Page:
LILLIAN RUSSELL'S UNLUCKY CYCLING,
Title-The journal, May 19, 1896
Place of Publication-New York [N.Y.]
Created / Published-New York [N.Y.], May 19, 1896
www.loc.gov/resource/sn84031792/1896-05-19/ed-1/

LILLIAN RUSSELL'S UNLUCKY CYCLING, Thrown from Her Golden Wheel and There Are Disastrous Consequences.

In Collision with Another Bicycler Where Miss Schumacher Was Killed.
She Sprains an Ankle Badly, and That Is Only the Beginning of Her Troubles.

THEY ENSUE ON A HARLEM STAGE, While Singing in the "Little Duke" Her Ankle Weakens and She and Fred Solomon Fall Flat Before the Audience.

Lillian Russell, diva and wheelwoman, played an engagement with her famous golden bicycle at Manhattan avenue and West One Hundred and Sixth street yesterday afternoon that had not been advertised, and that very nearly resulted In serious injury to the noted singer.

By a strange coincidence her contretemps took place just at the place where Miss Theodora Schumacher met her death April 30, and Miss Russell, who is not at all superstitious, now says she believes "In that sort of thing a little bit."

Miss Russell went for her usual ride in Central Park yesterday afternoon. She wore a tan bicycle suit that fitted as if she had been melted and run Into it, and the gold lace with which it was trimmed was just sufficient In quantity to suggest the pomp and circumstance of the stage.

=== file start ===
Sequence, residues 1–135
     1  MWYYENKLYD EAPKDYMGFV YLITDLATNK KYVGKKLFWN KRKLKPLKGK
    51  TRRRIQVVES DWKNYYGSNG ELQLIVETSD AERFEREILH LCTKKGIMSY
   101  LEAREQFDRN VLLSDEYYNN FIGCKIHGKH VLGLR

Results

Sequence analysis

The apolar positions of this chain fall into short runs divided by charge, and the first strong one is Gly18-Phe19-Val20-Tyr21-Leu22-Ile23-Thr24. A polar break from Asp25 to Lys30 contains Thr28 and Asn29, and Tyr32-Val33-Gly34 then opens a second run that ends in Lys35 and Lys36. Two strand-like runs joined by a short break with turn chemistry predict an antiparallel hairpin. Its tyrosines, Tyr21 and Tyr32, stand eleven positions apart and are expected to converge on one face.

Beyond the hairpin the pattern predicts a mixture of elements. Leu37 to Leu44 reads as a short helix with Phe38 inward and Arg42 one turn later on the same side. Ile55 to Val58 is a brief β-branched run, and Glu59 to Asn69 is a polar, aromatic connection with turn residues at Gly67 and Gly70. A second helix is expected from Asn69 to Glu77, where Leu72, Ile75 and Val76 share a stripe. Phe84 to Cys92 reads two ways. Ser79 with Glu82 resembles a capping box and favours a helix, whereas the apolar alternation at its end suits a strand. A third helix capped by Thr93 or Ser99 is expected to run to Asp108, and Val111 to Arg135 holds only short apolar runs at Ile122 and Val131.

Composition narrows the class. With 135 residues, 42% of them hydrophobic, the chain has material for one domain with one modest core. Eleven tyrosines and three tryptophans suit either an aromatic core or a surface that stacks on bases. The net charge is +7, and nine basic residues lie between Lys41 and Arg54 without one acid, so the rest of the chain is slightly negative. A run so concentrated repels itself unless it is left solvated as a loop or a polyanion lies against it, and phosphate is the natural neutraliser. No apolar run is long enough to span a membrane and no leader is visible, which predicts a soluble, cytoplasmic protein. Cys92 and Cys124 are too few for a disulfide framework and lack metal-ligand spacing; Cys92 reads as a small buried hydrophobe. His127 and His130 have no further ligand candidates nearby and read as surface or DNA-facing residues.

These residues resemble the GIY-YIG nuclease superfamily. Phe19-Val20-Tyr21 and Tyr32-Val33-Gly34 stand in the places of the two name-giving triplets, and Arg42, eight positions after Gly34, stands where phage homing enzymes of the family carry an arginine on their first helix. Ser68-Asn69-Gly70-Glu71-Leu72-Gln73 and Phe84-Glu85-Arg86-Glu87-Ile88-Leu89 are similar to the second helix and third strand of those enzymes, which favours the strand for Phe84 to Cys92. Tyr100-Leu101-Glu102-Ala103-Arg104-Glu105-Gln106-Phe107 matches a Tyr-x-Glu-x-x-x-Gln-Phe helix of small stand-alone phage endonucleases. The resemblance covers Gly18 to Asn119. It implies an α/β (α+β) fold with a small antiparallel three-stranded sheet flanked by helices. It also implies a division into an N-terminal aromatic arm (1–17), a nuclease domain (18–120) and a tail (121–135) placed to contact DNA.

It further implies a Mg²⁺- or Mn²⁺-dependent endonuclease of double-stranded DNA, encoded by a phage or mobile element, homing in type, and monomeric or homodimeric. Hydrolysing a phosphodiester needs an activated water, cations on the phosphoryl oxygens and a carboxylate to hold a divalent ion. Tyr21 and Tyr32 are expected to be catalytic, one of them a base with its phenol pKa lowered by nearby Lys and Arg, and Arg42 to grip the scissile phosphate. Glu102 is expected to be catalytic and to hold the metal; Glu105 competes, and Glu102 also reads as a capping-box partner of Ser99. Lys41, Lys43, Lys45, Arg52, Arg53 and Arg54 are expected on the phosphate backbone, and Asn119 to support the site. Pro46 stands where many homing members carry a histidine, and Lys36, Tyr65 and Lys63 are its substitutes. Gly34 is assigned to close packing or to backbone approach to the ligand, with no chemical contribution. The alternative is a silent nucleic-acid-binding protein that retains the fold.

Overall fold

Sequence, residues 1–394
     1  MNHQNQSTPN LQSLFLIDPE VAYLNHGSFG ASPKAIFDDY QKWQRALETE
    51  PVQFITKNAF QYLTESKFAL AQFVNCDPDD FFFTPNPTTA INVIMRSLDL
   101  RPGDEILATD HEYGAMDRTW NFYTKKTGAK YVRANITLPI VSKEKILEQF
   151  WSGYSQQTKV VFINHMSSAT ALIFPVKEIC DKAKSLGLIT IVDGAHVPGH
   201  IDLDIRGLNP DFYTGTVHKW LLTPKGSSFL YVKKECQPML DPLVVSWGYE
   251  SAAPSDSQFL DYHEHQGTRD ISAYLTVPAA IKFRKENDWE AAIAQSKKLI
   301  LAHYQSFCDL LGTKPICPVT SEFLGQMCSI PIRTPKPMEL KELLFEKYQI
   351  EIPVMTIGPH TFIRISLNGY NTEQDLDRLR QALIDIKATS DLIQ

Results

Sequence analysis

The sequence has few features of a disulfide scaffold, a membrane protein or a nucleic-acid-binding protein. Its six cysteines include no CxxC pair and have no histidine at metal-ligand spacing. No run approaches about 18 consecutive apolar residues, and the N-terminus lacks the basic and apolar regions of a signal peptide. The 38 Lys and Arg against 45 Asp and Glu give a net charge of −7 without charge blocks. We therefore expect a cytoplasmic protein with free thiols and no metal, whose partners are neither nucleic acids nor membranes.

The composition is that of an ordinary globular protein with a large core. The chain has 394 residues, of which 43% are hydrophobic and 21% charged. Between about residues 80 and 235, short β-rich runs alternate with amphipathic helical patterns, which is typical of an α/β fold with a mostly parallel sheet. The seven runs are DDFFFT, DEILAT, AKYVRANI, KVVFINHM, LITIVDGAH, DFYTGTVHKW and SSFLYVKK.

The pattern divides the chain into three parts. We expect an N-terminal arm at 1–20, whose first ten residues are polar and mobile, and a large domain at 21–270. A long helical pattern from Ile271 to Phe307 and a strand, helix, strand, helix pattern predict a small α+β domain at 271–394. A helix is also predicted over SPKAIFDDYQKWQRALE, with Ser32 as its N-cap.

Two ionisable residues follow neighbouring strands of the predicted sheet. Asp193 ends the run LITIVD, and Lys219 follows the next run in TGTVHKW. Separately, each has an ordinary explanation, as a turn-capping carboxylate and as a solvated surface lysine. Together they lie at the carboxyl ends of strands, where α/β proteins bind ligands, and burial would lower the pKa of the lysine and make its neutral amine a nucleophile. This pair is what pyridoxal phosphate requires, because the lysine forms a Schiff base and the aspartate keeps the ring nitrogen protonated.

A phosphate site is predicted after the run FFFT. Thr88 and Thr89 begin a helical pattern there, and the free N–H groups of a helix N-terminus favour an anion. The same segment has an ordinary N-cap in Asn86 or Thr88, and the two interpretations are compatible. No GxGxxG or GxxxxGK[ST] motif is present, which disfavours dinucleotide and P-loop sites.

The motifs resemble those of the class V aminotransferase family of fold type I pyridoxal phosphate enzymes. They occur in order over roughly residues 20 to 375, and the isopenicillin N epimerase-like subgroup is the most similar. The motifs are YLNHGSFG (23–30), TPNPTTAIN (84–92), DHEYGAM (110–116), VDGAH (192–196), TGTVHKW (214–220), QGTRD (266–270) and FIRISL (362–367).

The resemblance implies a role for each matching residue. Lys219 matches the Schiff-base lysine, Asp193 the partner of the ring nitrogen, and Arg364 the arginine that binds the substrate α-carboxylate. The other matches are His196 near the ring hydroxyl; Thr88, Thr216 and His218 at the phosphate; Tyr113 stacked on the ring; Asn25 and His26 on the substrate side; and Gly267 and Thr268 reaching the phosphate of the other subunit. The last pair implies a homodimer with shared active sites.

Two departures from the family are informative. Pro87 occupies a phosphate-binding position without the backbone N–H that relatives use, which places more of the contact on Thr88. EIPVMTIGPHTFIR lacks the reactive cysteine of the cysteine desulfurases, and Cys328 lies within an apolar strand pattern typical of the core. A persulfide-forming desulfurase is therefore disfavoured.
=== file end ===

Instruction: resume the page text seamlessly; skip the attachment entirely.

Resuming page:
WAS AT HER BEST.

To the gay throng of riders and drivers along the West Drive the fair Lillian never looked prettier. She sped along at a merry pace, threading her way In and out of the procession of T-carts, broughams, phaetons and other park traps without self-consciousness. Every one turned to look after the well-rounded figure, and the gorgeous bicycle upon which it was so advantageously set off.

"She may lose her voice," It was remarked, "but so long as she has that bicycle we will adore her still."

That was but one of the comments her appearance called forth.

Miss Russell turned out of the Park at the One Hundred and Sixth street gate leaving tho policeman there bewildered by one of those smiles that it is her habit to bestow with such effectiveness.

A scorcher ice wagon was coming up Manhattan avenue at a pace that should have called for police interference. Miss Russell saw it. but she could not see the bicycler who, just at its far side, was riding hard to beat the Iceman and so rebuke the entire Iceman fraternity.

TOOK HER CUE QUICKLY.

"Hi, there!" shouted the driver.

Miss Russell took that as her cue to dodge, and her experience having led her to be prompt when she hears her cue she wheeled suddenly to the left. The Iceman tried to pull up as best he could and his horses just missed the distinguished rider.